PROTON HOT WITH THIEVES
Models such as Wira, Waja list high in police stolen car figures
Friday, December 4th, 2009 11:52:00
KUALA LUMPUR: Proton cars continue to hold the unenviable record of being the most sought-after vehicle by thieves in 2009 — a "record" it has held since 2005.
Statistics released by the police to The Malay Mail revealed that 5,920 Proton cars were stolen between January and October.
The Proton Wira, with 1,568 units stolen during that period, topped the list. The other two "hot" Proton models were the Waja, which saw 1,001 units stolen, and the Perdana, with 255 thefts Perodua, the other national car maker, was placed third in the list of most stolen vehicles during the same period with 1,509 cases.
The Kancil, which had stopped production since July, had 961 units stolen, topping the list in the Perodua stable. Other "popular" cars in the group were the Kenari (319 thefts) and the Myvi (229). (see chart for Top 5 list of most stolen cars).
Police believe the high demand for spare parts in the black market is the main reason for the large number of local cars being stolen. There is a more sinister reason for this: police also believe these the cars are being used in criminal activities.
It is learnt that the ubiquity of the local cars make them ideal targets for criminal activities. Federal Police Statistics and Anti-Car Theft Department head SAC II Chee Cheng Wan said the high theft rate of local cars was hardly surprising as these far outnumbered other makes on Malaysian roads.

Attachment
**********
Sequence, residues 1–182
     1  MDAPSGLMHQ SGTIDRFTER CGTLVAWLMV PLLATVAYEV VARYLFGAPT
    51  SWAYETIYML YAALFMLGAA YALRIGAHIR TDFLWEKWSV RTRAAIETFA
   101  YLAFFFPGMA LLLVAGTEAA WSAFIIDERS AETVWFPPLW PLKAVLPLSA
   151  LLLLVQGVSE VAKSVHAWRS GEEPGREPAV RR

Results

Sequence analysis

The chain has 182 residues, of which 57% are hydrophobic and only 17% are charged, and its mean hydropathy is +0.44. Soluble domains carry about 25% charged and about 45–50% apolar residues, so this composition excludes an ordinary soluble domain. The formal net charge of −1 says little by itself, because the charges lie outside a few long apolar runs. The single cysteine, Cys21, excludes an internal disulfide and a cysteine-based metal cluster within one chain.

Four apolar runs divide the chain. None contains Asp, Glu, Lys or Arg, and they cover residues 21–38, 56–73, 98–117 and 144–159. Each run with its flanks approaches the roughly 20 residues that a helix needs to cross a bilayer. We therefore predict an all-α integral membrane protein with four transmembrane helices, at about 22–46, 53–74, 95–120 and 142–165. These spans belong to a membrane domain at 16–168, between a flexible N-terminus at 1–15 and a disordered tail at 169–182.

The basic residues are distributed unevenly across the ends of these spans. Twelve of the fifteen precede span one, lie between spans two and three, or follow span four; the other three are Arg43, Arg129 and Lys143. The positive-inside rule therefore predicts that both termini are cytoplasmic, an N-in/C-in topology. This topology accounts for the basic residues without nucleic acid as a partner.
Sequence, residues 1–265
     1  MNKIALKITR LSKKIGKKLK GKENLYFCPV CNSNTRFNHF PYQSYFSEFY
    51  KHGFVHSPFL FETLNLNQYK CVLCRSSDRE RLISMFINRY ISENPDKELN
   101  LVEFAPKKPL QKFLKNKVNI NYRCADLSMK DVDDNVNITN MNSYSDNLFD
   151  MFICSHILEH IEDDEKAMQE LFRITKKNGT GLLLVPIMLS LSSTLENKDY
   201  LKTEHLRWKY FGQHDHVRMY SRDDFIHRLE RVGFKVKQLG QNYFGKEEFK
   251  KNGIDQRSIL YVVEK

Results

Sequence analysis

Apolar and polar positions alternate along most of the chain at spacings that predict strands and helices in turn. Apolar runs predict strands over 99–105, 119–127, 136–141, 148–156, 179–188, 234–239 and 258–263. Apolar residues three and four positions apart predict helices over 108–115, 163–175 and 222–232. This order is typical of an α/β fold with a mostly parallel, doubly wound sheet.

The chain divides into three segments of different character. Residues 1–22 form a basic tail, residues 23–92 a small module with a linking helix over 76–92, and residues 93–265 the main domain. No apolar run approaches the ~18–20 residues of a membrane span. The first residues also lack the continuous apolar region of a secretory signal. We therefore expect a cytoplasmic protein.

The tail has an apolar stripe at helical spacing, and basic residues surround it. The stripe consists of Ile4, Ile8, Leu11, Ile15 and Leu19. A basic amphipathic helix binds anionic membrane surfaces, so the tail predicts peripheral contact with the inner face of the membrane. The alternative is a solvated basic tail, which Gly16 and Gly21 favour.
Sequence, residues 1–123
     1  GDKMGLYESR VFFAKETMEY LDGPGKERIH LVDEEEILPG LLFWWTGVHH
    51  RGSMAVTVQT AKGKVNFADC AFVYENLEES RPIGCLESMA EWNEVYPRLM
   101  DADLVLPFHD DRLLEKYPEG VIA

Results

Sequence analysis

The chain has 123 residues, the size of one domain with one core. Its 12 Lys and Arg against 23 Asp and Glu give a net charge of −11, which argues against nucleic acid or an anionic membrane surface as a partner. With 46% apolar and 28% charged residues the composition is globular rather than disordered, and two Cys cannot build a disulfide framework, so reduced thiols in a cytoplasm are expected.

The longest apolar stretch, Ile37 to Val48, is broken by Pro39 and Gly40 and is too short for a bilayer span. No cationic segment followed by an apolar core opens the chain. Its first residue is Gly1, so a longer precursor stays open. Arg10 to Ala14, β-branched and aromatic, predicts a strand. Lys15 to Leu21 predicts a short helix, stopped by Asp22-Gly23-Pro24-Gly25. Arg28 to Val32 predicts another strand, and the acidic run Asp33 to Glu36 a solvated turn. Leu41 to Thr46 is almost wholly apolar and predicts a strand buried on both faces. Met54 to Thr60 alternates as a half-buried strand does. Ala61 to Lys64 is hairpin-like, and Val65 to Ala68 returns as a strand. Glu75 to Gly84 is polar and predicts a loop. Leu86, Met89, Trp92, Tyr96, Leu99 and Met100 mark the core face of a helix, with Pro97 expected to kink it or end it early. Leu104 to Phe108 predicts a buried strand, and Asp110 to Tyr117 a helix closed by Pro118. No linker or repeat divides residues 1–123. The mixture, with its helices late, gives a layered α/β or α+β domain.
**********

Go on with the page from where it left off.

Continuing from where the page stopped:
"The majority of Malaysians drive local cars and thus, demand for spare parts is high. Stolen local cars are more often than cannibalised for parts," Chee said.
The items up for re-sale range from engines, to doors, hoods and even airbags. Perodua and Proton collectively control about 60 per cent of the car market in Malaysia.
The Malay Mail had on Nov 9 reported a growing number of Myvi airbags being stolen. This safety device, which forms the most expensive part of the Myvi's cabin, fetches up to RM1,000 in the black market, against the RM5,000 price tag for a pair from the manufacturer.
More than 50 cases of Myvi thefts were recorded in the Sentul district alone this year. The problem, Perodua admitted, stemmed from a flaw in the car's alarm system. Following the report, Perodua said it would conduct a field-fix operation for Myvi alarm systems, free of charge, from next month.